A Better Kaua‘i: Regarding council powers

In a recent article I noted the mayor’s predilection to expand the role of his office and mentioned the Kaua‘i County Council’s rather passive submission to the invasion of the powers entrusted to it under the Charter. In this piece some illustrations of these circumstances will be given and their ramifications considered.

 The Kaua‘i General Plan adopted in 2000 contained expressions of policy designed to limit the rate of increase in non-resident accommodations on our island. At that time there were less than 9,000 transient accommodation units on our island. After the plan’s guidance was ignored by the Planning Commission, which granted approvals for one or more steps in the chain required for full approval to over 3,000 additional units, in 2008 the Kaua‘i voters approved a citizen sponsored charter amendment to transfer the authority to approve transient accommodations to the county council.

The amendment also allowed the council to restore by ordinance the authority to the commission if it would respect the plan guidelines. In late 2011, after a three year hiatus, the council enacted Ordinance 912, which purported to exercise the authority to transfer back. The ordinance “solved” the problem of the projects with preliminary approvals by granting them exemption from the application of the rate limit.

The legality of the ordinance is highly questionable, but the council faced a dilemma. The project developers were threatening legal action if those who had invested money in their projects did not get exempted and they had the means and the muscle to pursue it, while the sponsors of the amendment appeared to lack effective clout.

The council clearly could have kept the authority but obviously they did not want to have to deal with processing transient accommodation project approvals, so they waffled and passed an ordinance with king-sized defects. Where has legislative integrity and responsibility gone?

Probably too much has already been said about the Eastside multi-use path, but it is a classic case of misuse of legislative power. It has been a work in progress now for over ten years. Its problems are so vast it is difficult to decide where to start to discuss them.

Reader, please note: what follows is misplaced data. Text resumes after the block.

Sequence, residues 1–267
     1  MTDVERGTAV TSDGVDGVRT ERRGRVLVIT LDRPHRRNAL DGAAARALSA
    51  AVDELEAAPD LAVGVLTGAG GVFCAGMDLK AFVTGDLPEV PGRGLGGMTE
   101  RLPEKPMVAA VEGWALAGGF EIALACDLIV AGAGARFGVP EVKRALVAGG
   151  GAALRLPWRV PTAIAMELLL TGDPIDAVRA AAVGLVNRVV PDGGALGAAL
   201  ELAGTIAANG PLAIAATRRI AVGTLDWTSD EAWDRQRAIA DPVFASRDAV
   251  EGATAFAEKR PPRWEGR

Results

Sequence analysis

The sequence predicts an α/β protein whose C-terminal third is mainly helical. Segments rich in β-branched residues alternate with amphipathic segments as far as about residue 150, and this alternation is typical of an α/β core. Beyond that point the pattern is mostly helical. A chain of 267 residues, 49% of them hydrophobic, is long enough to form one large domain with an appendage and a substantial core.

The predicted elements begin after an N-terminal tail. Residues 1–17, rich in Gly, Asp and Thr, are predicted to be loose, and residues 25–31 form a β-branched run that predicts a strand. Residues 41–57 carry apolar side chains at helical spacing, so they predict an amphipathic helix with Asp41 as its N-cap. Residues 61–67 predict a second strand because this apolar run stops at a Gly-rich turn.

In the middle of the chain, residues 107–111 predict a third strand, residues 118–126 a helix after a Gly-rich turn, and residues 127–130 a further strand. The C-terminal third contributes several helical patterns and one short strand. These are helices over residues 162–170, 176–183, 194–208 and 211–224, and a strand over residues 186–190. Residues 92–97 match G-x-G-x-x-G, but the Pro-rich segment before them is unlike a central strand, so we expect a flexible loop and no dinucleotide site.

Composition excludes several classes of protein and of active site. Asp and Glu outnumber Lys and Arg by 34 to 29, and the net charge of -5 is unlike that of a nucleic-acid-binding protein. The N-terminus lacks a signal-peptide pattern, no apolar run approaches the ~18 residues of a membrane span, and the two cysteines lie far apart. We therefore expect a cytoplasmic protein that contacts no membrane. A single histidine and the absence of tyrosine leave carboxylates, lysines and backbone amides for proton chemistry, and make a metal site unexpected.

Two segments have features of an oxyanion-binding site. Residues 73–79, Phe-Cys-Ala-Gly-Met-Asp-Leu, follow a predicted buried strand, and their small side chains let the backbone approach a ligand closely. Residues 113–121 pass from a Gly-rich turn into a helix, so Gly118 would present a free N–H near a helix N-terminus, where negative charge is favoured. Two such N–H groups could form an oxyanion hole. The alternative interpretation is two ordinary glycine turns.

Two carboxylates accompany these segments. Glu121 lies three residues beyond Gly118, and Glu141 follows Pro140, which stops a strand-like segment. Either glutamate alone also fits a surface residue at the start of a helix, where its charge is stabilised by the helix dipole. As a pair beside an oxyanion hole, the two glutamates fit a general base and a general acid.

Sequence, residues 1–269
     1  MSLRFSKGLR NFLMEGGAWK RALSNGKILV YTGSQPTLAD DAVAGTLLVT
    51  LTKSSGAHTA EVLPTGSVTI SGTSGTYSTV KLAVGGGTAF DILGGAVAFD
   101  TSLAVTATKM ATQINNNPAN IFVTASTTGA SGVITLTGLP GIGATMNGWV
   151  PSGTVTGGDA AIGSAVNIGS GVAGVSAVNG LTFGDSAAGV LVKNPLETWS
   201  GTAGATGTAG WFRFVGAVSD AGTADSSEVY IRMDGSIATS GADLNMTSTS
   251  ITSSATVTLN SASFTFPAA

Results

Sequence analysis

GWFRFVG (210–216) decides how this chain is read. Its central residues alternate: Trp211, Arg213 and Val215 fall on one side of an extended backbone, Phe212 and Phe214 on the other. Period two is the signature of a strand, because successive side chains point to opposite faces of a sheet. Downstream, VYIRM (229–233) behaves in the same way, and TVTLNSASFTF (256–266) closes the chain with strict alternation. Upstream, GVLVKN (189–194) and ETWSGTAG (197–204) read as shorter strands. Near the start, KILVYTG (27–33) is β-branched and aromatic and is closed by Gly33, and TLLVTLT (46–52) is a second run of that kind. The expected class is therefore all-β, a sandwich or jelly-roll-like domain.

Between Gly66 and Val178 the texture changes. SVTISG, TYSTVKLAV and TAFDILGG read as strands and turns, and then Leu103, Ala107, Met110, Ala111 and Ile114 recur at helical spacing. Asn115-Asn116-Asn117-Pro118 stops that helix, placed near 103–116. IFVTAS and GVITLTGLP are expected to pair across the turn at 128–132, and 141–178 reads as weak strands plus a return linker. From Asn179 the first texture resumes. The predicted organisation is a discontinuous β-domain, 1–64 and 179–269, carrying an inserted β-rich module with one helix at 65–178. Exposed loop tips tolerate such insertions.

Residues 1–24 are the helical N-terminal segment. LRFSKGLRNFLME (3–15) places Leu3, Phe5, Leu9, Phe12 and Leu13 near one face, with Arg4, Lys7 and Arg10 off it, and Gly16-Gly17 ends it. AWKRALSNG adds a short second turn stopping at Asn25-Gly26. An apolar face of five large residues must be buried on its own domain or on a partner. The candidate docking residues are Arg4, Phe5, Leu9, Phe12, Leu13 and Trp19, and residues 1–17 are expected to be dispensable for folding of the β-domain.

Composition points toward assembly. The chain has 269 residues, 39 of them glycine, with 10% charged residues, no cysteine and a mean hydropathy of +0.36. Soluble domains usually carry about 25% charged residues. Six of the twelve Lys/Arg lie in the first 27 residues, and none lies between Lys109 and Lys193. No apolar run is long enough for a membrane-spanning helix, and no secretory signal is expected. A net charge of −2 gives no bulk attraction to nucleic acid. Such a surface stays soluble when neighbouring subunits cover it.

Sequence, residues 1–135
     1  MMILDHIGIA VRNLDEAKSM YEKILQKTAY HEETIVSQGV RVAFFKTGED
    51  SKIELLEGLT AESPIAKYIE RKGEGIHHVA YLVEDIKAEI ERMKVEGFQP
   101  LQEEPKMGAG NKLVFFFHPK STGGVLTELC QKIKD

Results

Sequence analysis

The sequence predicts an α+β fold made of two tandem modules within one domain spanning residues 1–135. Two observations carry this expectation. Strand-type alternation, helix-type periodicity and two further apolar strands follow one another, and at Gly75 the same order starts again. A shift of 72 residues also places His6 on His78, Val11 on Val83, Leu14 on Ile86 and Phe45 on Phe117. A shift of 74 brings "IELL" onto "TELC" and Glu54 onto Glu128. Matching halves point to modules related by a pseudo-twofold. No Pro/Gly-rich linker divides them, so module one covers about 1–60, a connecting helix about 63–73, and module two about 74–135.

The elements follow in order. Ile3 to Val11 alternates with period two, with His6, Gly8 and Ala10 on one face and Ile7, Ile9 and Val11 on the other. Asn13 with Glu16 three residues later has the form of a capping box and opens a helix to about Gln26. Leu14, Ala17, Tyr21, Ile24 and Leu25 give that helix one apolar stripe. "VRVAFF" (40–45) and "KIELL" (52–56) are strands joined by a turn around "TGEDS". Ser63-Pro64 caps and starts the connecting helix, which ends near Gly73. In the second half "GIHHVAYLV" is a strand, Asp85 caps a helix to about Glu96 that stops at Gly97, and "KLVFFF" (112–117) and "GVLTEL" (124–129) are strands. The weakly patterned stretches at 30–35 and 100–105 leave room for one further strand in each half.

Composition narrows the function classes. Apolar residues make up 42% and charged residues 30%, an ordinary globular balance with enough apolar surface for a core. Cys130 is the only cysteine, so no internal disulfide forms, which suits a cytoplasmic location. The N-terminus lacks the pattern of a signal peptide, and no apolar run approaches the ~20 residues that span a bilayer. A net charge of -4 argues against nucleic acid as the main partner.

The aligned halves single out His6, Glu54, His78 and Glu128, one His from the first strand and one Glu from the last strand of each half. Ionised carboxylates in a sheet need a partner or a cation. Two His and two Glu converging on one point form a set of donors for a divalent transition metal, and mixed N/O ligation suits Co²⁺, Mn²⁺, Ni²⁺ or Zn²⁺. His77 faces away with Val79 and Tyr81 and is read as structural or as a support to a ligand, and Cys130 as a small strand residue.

Contrary to other capital projects, the path never had a clear plan or a budget. Capitalizing on the availability of Federal Transportation funds to pay the bulk of the construction costs county officials disguised what is really a recreational facility as one meeting transportation needs.

While it appears that federal officials were complicit in the swindle, the county has obtained by dubious means very substantial sums of federal money. No doubt our officials are proud of the contribution they have made to the $16 trillion of debt our nation now has.

The less than 7 miles of path that has been completed of the project’s proposed 22-mile length provides attractive vistas for the limited number of Eastside residents that from time to time use the path. This no doubt brings happiness to the six council members who live on the Eastside and can vicariously enjoy their neighbor’s pleasure in having the path.

But where are the North Shore, South Shore and Westside paths or other equivalent projects? Governmental largess has been very unevenly bestowed. We must recognize that no definitive accounting has ever been given for the costs of the completed portion of the path, a shameful disregard of the rights of our citizens to know how our government expends taxpayer funds, and the future costs for a completion of the path remain obscure. To add a discussion of the Kilauea gym, another huge illustration of council mismanagement, would be gilding the lily.

 All legislative proposals arising from the administration, its departments and commissions, should be assumed to have the approval, tacit or otherwise, from the mayor. Property tax law measures are often so given to the council. In August this year, the council introduced Bill 2444 that had so originated to amend the property tax law by increasing the minimum annual tax payable from $25 to $150. Its revenue effect would be quite modest.

Isn’t it anomalous that in Washington our president proposed to raise the tax rate for persons with the highest incomes about 12 percent while on Kaua‘i our mayor is seeking to raise the tax for properties with the lowest value by 500 percent?

At its December 12 committee meeting, the council showed a spark of the qualities it should have by voting to receive, i.e. cancel the bill instead of its more frequent passive acceptance of mayoral proposals. Perhaps that is a modest onset of some independence. The budget proceedings will be a more rigorous test. So will the failure of the council to follow up when the mayor or administration managers are asked to appear before the council and they fail to do so or are ill prepared on the subject of the request.

I believe the members of the council are all good people but subservience, lack of technical assistance, inadequate legal advice and some fiscal irresponsibility have too frequently flawed their collective work. It is vital for our county that the county council should be a thoughtful independent legislative body free from undue influence by the administration or any party or bloc. That has not always been the case in the past but it is a goal that is unassailable.

• Walter Lewis is a resident of Princeville and writes a biweekly column for The Garden Island.


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